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No matter the distance, every swimmer is out of breath at the end of a race....excuse me if I just blew your mind!  This obvious statement has lead swim coaches to attempt various training means to prevent "being out of breath" as the main limiting factor in swimming.  The most common attempt was increasing swimming volume, while others implemented underwater training to improve this function, unfortunately some swimmers will have limitations secondary to inspiratory muscle fatigue.  Of the two aforementioned strategies, underwater training should improve isometric strength of the forced inspiratory muscles, but is this enough to maximize and optimize inspiratory muscle performance....
Quiet breathing is necessary to live and it is essential for athletes (and everyone) to breathe properly at rest.  At rest the diaphragm is the primary breathing muscle and improper use of their diaphragm can cause added stress to other structures.  From my experience, approximately 50% of Junior National level swimmers have improper diaphragm use and dissociation! 
This series will address the breathing muscles/biomechanics, importance of inspiratory strength, effects inspiratory fatigue demonstrates on performance, screening and lastly discuss a few dryland exercises to improve this deficiency. Lets start improving this number and optimizing swimming potential! 

Breathing Biomechanics
Breathing is a uniquely simplistically complex function performed by numerous muscles. It is commonly believed the chest is the primary location of respiration. This misconception is secondary to the location of the lungs, but when emphasized can lead to faulty breathing patterns.  Before we discuss faulty patterns, lets discuss the four types of breathing and typical biomechanics:

  1. Quiet Inspiration
  2. Quiet Expiration
  3. Forced Inspiration
  4. Forced Expiration
Here is what the John Hopkin's school of Medicine has to say about respiration: 

"During quiet breathing, the predominant muscle of respiration is the diaphragm. As it contracts, pleural pressure drops, which lowers the alveolar pressure, and draws air in down the pressure gradient from mouth to alveoli. Expiration during quiet breathing is predominantly a passive phenomenon, as the respiratory muscles are relaxed and the elastic lung and chest wall return passively to their resting volume, the functional residual capacity.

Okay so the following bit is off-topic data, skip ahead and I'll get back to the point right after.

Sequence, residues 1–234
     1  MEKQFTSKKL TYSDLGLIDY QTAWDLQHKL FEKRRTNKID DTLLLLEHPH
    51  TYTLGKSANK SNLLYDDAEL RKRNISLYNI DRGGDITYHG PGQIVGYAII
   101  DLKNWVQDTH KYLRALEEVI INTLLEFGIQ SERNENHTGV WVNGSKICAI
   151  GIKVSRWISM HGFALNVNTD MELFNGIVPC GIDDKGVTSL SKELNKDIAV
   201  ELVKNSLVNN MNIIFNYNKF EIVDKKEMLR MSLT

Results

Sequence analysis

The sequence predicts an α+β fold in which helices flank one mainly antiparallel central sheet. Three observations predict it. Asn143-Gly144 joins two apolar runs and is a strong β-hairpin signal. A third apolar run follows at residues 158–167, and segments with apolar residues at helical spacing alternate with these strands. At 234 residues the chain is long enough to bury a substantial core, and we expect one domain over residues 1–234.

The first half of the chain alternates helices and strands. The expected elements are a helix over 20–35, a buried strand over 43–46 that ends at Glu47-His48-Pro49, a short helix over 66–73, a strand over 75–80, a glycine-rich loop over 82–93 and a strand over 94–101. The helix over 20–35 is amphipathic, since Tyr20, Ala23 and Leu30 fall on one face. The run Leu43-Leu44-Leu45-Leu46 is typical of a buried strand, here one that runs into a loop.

However, during exercise, many other muscles become important to respiration. During inspiration, the external intercostals raise the lower ribs up and out, increasing the lateral and anteroposterior dimensions of the thorax. The scalene muscles and sternomastoids also become involved, serving to raise and push out the upper ribs and the sternum.

During active expiration, the most important muscles are those of the abdominal wall (including the rectus abdominus, internal and external obliques, and transversus abdominus), which drive intra-abdominal pressure up when they contract, and thus push up the diaphragm, raising pleural pressure, which raises alveolar pressure, which in turn drives air out. The internal intercostals assist with active expiration by pulling the ribs down and in, thus decreasing thoracic volume."

During a deep inspiration these are the steps I look for:
  1. Diaphragm descends
  2. Ribs expand, elevate and rotate forward
  3. Shoulder blades move laterally
As stated, many people feel the chest and lungs need to be the primary mover for inspiration.  This is commonly due to the lack of understanding of which muscles are used during inspiration. Here's a list of the muscles during passive breathing and inspiration: 
  1. Diaphragm: This inspiratory muscle lies across the bottom of the rib cage and is essential for optimal swimming and breathing. Is commonly felt during belly breathing and helps raise and lower the abdominal wall, allowing expansion of the lungs. Used during all forms of breathing.
  2. Intercostal Muscles: These muscles help expand the chest and move the ribs, allowing for further chest expansion. Different fiber orientations are used during different times.  External fibers are used during inspiration and internal are used during expiration. Used during all forms of breathing.
  3. Scalenes: There are three scalene muscles which attach from the first few ribs to various vertebral structures.  These muscles should only be used during inspiration (preferably forced).